Opponents of Measure C question the use of eminent domain, the size of the new hospital, the plans for a private office building on the same property and the idea that the Sonoma Valley medical facility might close if this bond measure fails. Some argue vehemently for keeping the hospital site within Sonoma’s city limits, saying a new building could be built nearby and the current one converted to doctors’ offices. Others wonder why the existing hospital can’t simply be remodeled to meet the new seismic guidelines.
Bill Boerum, chairman of the No on C campaign, says eminent domain is “a pretty reprehensible practice for any government agency to indulge in.” He wants to know why a 20- or 30-bed facility wouldn’t be enough for Sonoma Valley and questions the plans for a medical office building on hospital land. He admits he didn’t get involved in the eight-year-long search for a solution until this January, when the hospital board put Measure C on the ballot, but says now that most of the community is engaged, it’s time for a dialogue about what should happen next.
Any site in the land-locked Sonoma Valley would require eminent domain, says Scott Gregerson, a Sonoma Valley Hospital vice president who has taken a leave of absence to lead the Yes on Measure C Campaign. Several opponents advocate the use of what they refer to as the “Cuneo property.” That land is not for sale, Gregerson says, and could only be acquired using eminent domain.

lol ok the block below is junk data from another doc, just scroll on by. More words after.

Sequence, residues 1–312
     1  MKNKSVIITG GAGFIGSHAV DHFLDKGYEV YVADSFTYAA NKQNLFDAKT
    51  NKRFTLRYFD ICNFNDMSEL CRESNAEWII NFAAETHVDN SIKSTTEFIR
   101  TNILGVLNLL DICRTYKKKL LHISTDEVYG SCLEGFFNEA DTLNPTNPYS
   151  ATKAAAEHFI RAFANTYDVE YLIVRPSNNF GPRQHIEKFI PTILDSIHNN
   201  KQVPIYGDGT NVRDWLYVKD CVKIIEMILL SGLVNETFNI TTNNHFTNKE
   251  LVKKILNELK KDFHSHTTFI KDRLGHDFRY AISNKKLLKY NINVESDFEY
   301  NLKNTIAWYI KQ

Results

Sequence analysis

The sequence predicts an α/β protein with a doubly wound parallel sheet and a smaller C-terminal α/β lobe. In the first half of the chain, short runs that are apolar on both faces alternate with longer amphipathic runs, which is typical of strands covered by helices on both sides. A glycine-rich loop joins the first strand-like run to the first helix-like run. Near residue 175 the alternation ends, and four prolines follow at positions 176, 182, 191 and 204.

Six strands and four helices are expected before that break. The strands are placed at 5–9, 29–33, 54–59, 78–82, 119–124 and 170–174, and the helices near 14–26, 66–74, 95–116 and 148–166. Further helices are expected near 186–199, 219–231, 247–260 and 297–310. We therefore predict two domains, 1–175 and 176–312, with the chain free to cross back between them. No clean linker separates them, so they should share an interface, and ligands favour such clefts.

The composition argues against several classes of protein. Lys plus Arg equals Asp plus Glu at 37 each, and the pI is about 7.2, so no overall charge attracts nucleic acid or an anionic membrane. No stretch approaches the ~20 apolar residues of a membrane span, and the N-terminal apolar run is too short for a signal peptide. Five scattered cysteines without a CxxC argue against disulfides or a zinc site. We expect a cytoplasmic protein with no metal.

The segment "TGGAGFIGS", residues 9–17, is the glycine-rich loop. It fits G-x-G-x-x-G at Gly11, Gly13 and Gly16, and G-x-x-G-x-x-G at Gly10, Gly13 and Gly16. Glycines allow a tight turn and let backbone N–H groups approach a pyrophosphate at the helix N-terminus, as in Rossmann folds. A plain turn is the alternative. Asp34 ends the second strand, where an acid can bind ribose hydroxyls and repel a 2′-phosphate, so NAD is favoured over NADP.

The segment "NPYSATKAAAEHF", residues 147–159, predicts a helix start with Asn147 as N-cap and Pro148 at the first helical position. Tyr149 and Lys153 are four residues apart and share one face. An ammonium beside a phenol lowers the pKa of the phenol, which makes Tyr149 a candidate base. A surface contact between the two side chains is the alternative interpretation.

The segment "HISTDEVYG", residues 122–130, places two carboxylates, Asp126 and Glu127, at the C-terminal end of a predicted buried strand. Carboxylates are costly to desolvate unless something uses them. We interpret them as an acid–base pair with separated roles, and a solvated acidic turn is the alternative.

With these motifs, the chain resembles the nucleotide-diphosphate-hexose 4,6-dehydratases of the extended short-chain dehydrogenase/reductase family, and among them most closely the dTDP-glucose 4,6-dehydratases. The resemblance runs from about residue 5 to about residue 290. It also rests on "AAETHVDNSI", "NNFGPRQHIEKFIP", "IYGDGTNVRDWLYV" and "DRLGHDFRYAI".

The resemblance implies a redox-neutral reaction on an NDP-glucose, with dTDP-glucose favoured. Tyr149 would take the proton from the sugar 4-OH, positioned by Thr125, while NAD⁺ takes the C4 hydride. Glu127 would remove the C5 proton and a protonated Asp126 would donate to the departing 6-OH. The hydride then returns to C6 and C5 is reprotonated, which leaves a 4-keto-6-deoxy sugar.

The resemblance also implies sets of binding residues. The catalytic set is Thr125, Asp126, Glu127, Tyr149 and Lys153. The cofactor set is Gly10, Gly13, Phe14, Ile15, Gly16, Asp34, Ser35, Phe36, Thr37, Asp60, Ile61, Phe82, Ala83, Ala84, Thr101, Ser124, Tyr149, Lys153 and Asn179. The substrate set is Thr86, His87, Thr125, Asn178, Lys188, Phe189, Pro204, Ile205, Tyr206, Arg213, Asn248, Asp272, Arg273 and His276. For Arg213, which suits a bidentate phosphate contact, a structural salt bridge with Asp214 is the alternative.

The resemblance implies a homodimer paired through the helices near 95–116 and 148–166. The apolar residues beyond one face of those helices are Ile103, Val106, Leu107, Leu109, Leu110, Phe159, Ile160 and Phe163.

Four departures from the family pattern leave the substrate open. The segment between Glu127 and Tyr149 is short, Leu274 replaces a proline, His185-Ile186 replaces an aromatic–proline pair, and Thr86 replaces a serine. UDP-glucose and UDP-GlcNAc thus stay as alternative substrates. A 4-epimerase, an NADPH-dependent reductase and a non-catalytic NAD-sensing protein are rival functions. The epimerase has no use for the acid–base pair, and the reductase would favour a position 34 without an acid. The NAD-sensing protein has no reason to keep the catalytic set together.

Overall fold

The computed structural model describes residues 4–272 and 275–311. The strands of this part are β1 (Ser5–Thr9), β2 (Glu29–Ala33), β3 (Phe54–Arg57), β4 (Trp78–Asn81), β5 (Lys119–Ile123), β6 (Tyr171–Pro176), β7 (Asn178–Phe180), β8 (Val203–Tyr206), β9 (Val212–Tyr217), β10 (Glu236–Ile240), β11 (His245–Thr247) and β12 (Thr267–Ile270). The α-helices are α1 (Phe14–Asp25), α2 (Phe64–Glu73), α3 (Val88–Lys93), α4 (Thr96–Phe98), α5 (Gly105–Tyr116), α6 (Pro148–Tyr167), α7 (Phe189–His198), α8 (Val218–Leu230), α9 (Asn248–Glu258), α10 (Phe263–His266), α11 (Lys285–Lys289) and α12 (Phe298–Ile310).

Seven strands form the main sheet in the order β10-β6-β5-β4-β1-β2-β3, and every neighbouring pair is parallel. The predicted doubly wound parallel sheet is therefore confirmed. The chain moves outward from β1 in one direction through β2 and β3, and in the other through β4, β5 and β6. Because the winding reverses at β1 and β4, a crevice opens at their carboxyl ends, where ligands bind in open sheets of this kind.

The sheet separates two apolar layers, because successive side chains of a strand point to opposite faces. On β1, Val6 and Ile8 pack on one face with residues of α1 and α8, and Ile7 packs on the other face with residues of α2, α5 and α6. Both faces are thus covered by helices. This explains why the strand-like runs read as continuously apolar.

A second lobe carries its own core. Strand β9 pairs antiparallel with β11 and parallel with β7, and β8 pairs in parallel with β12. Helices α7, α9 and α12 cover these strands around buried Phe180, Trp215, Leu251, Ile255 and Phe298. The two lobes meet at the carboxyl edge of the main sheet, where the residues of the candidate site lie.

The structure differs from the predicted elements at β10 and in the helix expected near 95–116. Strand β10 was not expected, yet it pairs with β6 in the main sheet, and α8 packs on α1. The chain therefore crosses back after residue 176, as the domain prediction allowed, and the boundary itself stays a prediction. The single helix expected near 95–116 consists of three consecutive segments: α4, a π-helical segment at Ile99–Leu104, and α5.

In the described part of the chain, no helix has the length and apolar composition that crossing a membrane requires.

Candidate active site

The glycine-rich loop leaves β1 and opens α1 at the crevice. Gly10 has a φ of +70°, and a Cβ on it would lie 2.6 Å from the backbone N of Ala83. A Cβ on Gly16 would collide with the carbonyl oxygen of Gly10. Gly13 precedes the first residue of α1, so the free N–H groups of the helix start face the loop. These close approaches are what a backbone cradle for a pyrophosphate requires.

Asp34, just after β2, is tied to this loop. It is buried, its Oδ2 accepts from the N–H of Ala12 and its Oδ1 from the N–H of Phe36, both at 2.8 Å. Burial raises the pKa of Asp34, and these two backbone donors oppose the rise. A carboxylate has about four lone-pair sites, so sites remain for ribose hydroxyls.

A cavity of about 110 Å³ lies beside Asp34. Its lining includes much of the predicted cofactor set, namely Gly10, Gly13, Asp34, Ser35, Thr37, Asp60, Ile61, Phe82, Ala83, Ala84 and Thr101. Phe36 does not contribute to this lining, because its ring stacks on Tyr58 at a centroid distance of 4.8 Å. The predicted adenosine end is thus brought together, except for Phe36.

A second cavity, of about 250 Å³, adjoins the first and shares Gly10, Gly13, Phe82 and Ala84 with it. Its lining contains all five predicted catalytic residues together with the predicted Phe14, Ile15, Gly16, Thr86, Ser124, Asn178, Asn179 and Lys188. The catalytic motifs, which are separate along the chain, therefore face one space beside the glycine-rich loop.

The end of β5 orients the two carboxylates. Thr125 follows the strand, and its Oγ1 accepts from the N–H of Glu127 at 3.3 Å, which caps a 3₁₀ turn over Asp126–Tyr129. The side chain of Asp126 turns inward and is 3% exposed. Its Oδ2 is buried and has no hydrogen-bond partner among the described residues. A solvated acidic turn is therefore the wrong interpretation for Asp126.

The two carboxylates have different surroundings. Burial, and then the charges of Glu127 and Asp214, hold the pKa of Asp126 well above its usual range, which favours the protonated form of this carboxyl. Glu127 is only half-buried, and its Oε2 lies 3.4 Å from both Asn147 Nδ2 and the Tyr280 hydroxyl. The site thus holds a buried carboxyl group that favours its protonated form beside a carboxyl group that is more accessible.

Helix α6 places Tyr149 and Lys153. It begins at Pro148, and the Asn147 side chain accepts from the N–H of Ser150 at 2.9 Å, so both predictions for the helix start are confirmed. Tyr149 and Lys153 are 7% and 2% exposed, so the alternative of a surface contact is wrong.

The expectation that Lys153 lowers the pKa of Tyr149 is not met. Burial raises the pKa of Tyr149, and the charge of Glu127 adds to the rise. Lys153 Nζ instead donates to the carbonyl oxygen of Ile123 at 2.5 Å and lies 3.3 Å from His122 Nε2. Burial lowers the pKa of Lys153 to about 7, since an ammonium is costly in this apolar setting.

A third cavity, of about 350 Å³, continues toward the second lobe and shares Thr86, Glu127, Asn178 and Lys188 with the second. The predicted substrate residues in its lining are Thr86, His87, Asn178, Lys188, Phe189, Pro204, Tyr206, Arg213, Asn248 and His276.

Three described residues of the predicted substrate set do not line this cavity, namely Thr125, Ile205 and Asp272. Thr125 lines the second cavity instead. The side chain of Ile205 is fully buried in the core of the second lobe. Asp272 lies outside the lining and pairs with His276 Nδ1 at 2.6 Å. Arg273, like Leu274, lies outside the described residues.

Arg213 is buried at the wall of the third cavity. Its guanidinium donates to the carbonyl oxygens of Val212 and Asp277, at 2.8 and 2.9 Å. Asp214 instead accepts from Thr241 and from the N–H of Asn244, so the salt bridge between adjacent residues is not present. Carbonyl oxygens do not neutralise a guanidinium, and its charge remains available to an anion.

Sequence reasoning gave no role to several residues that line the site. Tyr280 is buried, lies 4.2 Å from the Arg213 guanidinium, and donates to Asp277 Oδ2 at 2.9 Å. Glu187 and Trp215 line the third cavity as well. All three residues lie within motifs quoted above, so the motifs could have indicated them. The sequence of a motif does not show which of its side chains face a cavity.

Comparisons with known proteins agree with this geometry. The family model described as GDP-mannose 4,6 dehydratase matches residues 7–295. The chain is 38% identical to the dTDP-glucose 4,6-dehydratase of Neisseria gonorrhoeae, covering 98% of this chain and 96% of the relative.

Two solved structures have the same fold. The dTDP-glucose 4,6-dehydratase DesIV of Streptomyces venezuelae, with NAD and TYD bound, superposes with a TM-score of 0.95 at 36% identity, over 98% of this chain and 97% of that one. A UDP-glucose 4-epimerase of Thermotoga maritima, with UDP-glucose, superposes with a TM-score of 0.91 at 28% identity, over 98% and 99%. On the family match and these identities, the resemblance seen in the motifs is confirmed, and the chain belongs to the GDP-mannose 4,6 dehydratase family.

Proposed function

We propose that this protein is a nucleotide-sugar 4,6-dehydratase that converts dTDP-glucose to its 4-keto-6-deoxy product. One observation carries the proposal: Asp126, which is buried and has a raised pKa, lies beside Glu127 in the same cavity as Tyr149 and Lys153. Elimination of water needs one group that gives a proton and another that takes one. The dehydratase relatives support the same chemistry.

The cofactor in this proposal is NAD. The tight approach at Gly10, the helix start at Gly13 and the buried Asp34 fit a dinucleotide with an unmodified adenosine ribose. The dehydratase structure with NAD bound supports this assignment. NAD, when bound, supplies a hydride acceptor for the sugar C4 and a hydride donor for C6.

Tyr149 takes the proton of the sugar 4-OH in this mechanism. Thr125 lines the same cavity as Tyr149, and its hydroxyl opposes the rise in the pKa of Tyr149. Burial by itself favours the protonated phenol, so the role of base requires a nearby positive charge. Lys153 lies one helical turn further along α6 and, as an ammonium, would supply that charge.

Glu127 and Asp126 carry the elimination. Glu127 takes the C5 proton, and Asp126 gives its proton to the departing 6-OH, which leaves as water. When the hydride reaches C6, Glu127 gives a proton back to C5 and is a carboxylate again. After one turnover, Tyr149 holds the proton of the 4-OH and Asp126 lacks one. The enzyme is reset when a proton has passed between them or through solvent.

Others have suggested parcels in an industrial area east of town or in the south end of the valley, which would mean extending the sewer system and the voter-approved urban growth boundary–a move smart-growth advocates told hospital officials they would fight vigorously. “If they want a hospital in this community, eminent domain is something that will be a part of that effort,” Gregerson says. “They’re not growing any new land and nobody is interested in selling.”
Retrofitting Sonoma Valley’s existing 50-year-old building would cost at least $100 million and require closing the hospital for about two years, he adds. It’s not like a nine-story hospital where officials can close and retrofit one floor at a time; the oldest building houses the hospital’s operating rooms and emergency room, which are difficult to temporarily relocate. No portable building exists that meets the mandatory code requirements, Gregerson says. And tearing down the hospital and rebuilding on the same site would mean a five-year closure.
All these options have been considered in the last eight years, and there isn’t time for another community dialogue, Gregerson says. “We’ve gotten to a point where we don’t have a choice. We have to place our bet and then go. We’re all in. We have to decide now if we want healthcare in Sonoma.” Boerum terms such statements “scare tactics.” Gregerson responds, “It’s scary, but it’s not a tactic.”
The law calls for hospitals not properly retrofitted by Jan. 1, 2013, to be closed, and it’s unlikely that will be changed, says the CHA’s Emerson. “We’ve been attempting for the last six years to get modifications to this law. So far we haven’t succeeded.” Currently, the CHA is supporting two bills, one giving a two-year extension to hospitals actively under construction on Jan. 1, 2013, and another letting hospitals skip those requirements if they meet the more stringent 2030 standards by 2020. But unless the law is changed, hospitals not meeting the 2008 standard by the extended 2013 deadline will be shut down.
This is something Sonoma Valley residents need to keep in mind, Emerson says. “The important thing to understand is that this is not unique to this community. This is a statewide problem. Wanting to bury your head in the sand and think it will go away is not a good approach. The voters need to ask themselves, do they want to make sure they have 24-hours, seven-days-a-week hospital services in their community? The answer to this question will determine a lot.”
Measure C will be debated on Thursday, April 6, in Burlingame Hall, First Congregational Church, 252 W. Spain St., Sonoma. 7pm.